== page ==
Today I bagged the 2nd upper side of the Diana4 wings, having done the first one earlier this week. Bagging the wing is not all that much work – less than an hour. It’s the preparations that take most time.
After preparing the foam cores (see previous post) comes the incredibly important work of drawing the layout of the wings onto the building board and positioning the foam shells. We build upside down (upper side first). Once all the measurements are done and double-checked I position the foam shells and glue them to the building board using painter’s tape. Then I apply thin brown packaging tape on the edges of the shell on the board as well as to the individual shells of the underside of the wing. It’s important to find a packaging tape that doesn’t stick to epoxy resin – the purpose is to avoid the shells sticking to the wing core or other shells.
Once the board and shells are prepared I prepare the ebechi (abachi) wood. We use 0.6mm ebechi, prepared by a carpenter friend or purchased through RIK Modellbau. This ebechi is cut to size using the plan of the wings – important is to make the ebechi for the upper side approximately 4mm longer (depending on wing profile). I then draw the layout of the carbon inserts onto each of the four ebechi sheets (so I know where to position the carbon when glueing it to the ebechi). We rarely do a full carbon layup – that’s not necessary and would only add weight to the wings. The carbon inserts are just big enough to cover the carbon D-box at the leading edge of the wing, the control surfaces at the back of the wing as well as the positions for the servos and the wing joiner. Once the layout of the carbon inserts is drawn onto all four sheets I carefully sand the inner side (where the epoxy is to be applied) of each sheet and clean off the dust. I then apply a transparent primer (“Hartgrund”), 50% diluted, to avoid the epoxy completely soaking the ebechi. Allow this to dry out and another quick sanding and the ebechi is ready to be used.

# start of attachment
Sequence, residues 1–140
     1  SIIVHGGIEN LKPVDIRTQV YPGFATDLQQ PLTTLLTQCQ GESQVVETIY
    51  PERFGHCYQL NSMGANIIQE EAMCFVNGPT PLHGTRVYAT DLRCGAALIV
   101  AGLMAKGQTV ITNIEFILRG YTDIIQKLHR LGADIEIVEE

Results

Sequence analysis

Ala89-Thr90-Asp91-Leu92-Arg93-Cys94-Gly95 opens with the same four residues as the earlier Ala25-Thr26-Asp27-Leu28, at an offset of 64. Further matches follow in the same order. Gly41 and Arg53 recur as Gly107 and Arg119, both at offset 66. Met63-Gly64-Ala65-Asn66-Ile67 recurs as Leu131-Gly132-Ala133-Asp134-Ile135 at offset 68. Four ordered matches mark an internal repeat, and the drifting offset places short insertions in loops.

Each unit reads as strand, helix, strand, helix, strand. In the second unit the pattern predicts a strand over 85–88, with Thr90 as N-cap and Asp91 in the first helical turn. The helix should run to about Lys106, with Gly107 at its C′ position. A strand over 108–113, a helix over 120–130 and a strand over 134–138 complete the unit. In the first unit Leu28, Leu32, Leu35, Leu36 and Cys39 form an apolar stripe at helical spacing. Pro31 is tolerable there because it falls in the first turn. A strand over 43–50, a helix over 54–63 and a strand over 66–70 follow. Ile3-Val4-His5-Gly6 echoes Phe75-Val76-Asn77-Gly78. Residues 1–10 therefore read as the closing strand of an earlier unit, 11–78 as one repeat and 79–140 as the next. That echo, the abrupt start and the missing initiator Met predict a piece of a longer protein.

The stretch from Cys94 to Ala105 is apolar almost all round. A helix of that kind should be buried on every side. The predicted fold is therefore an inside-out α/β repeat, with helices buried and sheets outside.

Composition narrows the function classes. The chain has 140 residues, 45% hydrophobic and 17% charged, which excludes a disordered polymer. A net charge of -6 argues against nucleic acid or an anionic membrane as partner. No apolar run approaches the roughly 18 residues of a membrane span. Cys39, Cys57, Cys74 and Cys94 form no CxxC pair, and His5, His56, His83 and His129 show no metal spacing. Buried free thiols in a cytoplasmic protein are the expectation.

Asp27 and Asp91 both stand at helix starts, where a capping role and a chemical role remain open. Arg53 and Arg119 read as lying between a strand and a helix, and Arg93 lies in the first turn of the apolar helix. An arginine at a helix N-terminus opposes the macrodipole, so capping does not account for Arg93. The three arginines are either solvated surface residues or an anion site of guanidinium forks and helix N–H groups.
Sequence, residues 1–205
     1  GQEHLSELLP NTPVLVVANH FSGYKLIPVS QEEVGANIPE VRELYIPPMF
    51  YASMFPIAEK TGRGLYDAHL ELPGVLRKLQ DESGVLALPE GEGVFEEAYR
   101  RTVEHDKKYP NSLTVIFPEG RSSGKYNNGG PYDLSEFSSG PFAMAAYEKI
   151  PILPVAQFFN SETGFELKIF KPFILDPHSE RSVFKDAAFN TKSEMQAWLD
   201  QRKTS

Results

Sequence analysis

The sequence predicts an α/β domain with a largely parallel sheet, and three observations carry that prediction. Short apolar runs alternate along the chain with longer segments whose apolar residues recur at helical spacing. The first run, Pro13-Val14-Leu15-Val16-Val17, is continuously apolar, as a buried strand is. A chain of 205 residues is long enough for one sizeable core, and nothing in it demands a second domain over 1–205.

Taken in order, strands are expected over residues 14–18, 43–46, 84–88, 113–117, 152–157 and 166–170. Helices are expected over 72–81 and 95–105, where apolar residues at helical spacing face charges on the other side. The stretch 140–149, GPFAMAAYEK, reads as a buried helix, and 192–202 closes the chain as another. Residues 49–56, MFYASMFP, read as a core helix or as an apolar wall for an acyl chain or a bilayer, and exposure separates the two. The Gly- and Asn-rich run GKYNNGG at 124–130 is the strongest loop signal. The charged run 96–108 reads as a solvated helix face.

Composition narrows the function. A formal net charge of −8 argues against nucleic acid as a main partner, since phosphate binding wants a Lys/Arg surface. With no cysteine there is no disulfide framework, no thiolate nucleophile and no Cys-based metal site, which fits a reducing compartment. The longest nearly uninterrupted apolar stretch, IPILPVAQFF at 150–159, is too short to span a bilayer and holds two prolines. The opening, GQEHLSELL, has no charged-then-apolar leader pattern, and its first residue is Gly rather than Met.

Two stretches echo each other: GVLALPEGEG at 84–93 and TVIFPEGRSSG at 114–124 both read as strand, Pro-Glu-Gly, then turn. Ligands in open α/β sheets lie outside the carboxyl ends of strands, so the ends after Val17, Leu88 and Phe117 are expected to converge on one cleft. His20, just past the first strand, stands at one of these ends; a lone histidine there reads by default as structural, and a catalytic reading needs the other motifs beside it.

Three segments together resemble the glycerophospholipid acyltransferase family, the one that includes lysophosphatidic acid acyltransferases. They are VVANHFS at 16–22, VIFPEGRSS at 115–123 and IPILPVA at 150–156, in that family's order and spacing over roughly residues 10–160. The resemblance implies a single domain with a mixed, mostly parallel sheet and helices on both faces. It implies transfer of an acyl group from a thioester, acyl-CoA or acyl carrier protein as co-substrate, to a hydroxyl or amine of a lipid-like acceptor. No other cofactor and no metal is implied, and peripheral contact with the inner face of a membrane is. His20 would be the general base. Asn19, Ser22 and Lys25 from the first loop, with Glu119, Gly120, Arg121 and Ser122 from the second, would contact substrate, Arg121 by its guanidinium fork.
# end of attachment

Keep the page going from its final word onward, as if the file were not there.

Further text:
Once all that is done it’s time to prepare the resin. I used around 60 grams of resin for the upper side. It is possible to do it with 10-15 grams less for weight watchers. Using a small roller I apply the resin to the parts of the ebechi sheet where the carbon layup is coming. I then put the carbon layup onto the ebechi and push it on using the roller. Then I use the roller to apply most of the resin to the carbon layup. I leave a few grams of resin and add a few drops of foaming agent and let this rest a bit. I then use a hard rubber roller and kitchen paper to roll excess resin off the carbon layup. Then use the soft roller to apply the remaining resin with foaming agent to the parts of ebechi not covered with carbon.
Then put the ebechi with carbon layup onto the shells. I use six or so small bits of double sided tape on the shells to make sure that the ebechi doesn’t shift. Then put the wing cores onto the ebechi, fix the outer ends in the right position with a bit of wax tape and fix the cores together with a bit of the same tape. Then close the upper shells, lightly fixing them into place with painter’s tape. Then bag the entire building board, use a vacuum cleaner to remove most of the air of the vacuum bag and then start up the vacuum pump. Stabilise the vacuum pump at -1.5 bar and let it run for 12 hours. I use a cheap webcam to watch the pressure of the pump so that I can go do something else and occasionally check the webcam on my smartphone. The entire setup runs over a timer that automatically switches off after 12 hours.
When I was cleaning up after bagging the 2nd wing I noticed the appropriate newspaper article used to protect my workbench (see last picture :-)).